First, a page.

FGFR1 cleavage and nuclear translocation regulates breast cancer cell behavior.
801 - 817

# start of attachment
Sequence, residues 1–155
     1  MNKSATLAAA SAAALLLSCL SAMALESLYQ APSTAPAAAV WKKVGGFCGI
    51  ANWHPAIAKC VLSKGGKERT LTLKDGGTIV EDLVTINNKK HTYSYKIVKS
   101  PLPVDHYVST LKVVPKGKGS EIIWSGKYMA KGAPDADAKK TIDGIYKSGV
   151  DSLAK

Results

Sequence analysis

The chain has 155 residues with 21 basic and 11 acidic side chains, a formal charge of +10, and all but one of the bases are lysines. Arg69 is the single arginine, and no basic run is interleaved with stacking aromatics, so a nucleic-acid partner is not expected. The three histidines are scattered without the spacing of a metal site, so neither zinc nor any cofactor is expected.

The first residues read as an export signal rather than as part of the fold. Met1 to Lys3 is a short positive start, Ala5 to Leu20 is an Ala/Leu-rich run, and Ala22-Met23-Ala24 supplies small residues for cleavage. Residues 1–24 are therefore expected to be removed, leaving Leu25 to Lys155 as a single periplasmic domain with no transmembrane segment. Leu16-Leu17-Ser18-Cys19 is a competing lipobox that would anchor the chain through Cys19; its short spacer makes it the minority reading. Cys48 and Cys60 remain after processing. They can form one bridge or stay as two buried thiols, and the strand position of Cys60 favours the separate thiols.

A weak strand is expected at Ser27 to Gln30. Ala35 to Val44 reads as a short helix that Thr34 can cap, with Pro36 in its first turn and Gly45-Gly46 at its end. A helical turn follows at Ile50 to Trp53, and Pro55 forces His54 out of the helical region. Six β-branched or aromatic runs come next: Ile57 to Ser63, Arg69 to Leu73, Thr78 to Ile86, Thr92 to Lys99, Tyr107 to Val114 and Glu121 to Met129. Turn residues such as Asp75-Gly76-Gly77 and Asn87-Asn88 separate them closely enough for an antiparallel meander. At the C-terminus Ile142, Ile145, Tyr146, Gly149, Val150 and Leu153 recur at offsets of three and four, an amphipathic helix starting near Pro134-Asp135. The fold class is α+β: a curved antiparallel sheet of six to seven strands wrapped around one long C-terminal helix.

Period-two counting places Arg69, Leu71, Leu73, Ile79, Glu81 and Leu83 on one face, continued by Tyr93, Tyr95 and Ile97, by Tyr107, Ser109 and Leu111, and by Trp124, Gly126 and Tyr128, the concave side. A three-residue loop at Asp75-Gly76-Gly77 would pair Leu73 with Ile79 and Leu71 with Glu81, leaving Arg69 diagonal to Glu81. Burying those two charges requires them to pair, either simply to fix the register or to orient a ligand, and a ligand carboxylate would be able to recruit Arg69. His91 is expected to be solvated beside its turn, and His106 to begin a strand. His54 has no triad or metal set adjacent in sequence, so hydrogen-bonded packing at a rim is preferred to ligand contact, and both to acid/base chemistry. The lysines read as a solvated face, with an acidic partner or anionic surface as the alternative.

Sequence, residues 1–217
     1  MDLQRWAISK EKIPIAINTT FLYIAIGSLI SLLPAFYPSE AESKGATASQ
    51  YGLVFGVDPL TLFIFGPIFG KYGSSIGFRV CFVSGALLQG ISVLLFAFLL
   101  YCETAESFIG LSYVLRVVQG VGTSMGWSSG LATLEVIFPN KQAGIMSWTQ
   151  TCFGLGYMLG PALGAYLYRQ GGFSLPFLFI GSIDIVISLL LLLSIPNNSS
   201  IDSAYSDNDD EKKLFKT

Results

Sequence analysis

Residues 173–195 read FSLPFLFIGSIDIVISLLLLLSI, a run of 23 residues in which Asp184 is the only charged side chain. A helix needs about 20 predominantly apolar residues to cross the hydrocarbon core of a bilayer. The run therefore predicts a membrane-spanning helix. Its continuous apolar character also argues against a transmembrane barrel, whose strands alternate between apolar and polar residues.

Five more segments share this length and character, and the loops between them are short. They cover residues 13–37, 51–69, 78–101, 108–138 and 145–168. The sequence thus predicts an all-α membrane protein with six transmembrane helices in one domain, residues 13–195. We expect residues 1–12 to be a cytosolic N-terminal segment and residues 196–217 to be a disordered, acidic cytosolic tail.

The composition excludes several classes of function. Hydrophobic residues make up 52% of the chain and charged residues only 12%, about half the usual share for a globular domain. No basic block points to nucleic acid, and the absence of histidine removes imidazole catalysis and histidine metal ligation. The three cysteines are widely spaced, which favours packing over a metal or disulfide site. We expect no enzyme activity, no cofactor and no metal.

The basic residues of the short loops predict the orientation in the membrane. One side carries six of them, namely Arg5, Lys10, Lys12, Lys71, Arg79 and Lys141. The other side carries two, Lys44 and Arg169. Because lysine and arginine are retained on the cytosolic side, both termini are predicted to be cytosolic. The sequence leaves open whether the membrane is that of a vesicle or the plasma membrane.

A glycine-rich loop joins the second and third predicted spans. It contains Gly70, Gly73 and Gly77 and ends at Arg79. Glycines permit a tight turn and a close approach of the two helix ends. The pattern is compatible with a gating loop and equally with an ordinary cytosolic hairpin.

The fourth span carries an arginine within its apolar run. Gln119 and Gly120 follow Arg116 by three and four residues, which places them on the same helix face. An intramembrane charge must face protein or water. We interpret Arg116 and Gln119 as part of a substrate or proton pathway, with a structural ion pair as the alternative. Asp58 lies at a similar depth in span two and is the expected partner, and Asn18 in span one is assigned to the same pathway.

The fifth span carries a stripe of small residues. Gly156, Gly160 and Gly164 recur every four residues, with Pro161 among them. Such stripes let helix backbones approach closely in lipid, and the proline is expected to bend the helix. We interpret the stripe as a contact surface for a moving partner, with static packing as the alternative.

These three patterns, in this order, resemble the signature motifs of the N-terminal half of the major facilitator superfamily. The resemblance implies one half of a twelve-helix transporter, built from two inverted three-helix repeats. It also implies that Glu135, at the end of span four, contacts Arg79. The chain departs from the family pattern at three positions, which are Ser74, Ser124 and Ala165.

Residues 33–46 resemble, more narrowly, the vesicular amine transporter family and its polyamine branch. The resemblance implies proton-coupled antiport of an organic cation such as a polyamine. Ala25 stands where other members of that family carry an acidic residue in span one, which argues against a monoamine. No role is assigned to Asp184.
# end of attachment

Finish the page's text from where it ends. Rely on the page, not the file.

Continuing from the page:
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FGF-10 and its receptors, FGFR1 and FGFR2, have been implicated in breast cancer susceptibility and progression, suggesting that fibroblast growth factor (FGF) signaling may be co-opted by breast cancer cells. We identify a novel pathway downstream of FGFR1 activation, whereby the receptor is cleaved and traffics to the nucleus, where it can regulate specific target genes. We confirm Granzyme B (GrB) as the protease responsible for cleavage and show that blocking GrB activity stopped FGFR1 trafficking to the nucleus and abrogates the promigratory effect of FGF stimulation. We confirm the in vivo relevance of our findings, showing that FGFR1 localized to the nucleus specifically in invading cells in both clinical material and a three-dimensional model of breast cancer. We identify target genes for FGFR1, which exert significant effects on cell migration and may represent an invasive signature. Our experiments identify a novel mechanism by which FGF signaling can regulate cancer cell behavior and provide a novel therapeutic target for treatment of invasive breast cancer.